High Performance Government: Structure, Leadership, Incentives
Rand,

Light, P.C. & Klitgaard, R.
01/01/2004

Fixing problems in the federal government. In 2003, the National Commission on the Public Service, chaired by Paul Volcker, issued a report detailing problems within the federal government today and recommending changes in its organization, leadership, and operations. This book suggests practical ways to implement the recommendations and defines a research agenda for the future. Thirteen essays address the primary problem areas identified by the Volcker Commission, and the commission report itself is included.

Opening Doors and Building Capacity: Employing a Community-Based Approach to Surveying

Opening Doors and Building Capacity: Employing a Community-Based Approach to Surveying
Journal of Urban Health. 2004;81:291-300.

Kaplan, S.A., Dillman, K.N., Calman, N.S. & Billings, J.
01/01/2004

Although many community-based initiatives employ community residents to undertake door-to-door surveys as a form of community mobilization or for purposes of needs assessment or evaluation, very little has been published on the strengths and weaknesses of this approach. This article discusses our experience in undertaking such a survey in collaboration with a coalition of community-based organizations (CBOs) in the South Bronx, New York. Although resource constraints limited the already-strained capacity of the CBOs to provide supervision, the CBOs and community surveyors helped us gain access to neighborhood buildings and to individuals who might otherwise have been inaccessible. The survey process also contributed to the coalition's community outreach efforts and helped to link the CBO leadership and staff more closely to the coalition and its mission. Many of the surveyors enhanced their knowledge and skills in ways that have since benefited them or the coalition directly. The participating CBOs continue to be deeply engaged in the coalition's work, and many of the surveyors are active as community health advocates and have taken leadership roles within the coalition.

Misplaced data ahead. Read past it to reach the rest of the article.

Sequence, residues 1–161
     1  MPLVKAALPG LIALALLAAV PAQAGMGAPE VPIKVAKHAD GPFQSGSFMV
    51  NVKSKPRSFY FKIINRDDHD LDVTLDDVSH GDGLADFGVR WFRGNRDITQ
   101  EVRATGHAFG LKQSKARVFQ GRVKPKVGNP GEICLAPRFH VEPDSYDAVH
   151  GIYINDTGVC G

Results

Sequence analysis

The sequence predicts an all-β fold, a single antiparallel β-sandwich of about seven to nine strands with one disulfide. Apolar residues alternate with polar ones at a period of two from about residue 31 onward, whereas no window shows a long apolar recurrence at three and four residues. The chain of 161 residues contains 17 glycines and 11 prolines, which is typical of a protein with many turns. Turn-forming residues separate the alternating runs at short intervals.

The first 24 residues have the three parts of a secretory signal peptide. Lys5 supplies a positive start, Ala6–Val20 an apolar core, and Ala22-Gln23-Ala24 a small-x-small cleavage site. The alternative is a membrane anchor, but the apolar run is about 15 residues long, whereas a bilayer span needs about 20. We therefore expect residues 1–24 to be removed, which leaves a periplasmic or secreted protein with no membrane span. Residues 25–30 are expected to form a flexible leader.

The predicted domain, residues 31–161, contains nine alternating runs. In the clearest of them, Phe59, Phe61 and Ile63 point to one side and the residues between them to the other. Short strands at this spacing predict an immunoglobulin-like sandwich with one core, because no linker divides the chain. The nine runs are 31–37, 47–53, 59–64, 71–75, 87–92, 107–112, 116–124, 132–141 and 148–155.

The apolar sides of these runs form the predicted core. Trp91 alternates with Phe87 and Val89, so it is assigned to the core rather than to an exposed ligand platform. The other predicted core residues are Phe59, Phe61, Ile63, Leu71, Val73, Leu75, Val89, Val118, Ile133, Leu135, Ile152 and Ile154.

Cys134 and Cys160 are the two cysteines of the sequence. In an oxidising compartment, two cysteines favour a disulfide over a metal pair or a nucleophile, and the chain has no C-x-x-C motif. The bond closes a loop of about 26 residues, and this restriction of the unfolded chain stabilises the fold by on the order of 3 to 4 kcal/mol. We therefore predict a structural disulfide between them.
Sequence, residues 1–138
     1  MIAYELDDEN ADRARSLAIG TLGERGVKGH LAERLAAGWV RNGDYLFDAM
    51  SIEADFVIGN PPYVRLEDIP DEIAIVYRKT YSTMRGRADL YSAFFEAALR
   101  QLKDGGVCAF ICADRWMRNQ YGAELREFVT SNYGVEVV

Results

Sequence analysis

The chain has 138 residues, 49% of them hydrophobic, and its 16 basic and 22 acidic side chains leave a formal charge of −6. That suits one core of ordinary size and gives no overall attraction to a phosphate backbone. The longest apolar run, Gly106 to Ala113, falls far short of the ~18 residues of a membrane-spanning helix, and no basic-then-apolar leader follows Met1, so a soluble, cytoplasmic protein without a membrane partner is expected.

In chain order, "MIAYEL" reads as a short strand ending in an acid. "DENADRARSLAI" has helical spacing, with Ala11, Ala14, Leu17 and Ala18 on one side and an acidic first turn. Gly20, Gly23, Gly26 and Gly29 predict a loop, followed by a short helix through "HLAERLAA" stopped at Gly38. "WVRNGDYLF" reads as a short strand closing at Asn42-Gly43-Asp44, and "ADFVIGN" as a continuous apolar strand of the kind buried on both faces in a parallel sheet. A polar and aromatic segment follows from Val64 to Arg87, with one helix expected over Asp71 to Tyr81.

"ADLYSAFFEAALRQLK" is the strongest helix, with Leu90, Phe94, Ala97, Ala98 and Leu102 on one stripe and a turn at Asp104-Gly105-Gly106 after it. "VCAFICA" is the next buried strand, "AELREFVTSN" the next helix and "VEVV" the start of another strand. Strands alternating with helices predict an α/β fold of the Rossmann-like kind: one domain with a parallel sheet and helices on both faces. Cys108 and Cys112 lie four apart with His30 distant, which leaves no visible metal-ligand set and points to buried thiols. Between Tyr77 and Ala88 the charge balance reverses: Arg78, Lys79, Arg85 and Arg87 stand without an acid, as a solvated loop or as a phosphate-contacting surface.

Performance Evaluation, Public Management Improvement and Democractic Accountability: Some Lessons from Latin America

Performance Evaluation, Public Management Improvement and Democractic Accountability: Some Lessons from Latin America
Public Management Review, Spring 2004, Vol 6, no. 2, pp. 230-251.

Ospina, S., Cunill, N. & Zaltsman, A.
01/01/2004

The results-oriented management reforms fostered by the New Public Management movement are often argued to emphasize the search for efficiency, quality and other typical market values at the expense of democratic accountability. On the other hand, challenging this view, some authors claim that results-based management reforms have the potential to enhance political accountability and representative democracy. There is however, limited empirical evidence of this relationship. This article uses some of the findings from a comparative study of public management evaluation systems in four Latin American countries to illuminate this relationship in practice. We discuss the fact that, in two of the four countries surveyed, the design features of the new systems were based on the explicit search for increased political accountability and the deepening of democracy. We also discuss the possible causes for the finding that the outcome and performance information generated is not being applied for decision-making purposes yet, as expected.

Pages

Subscribe to Governance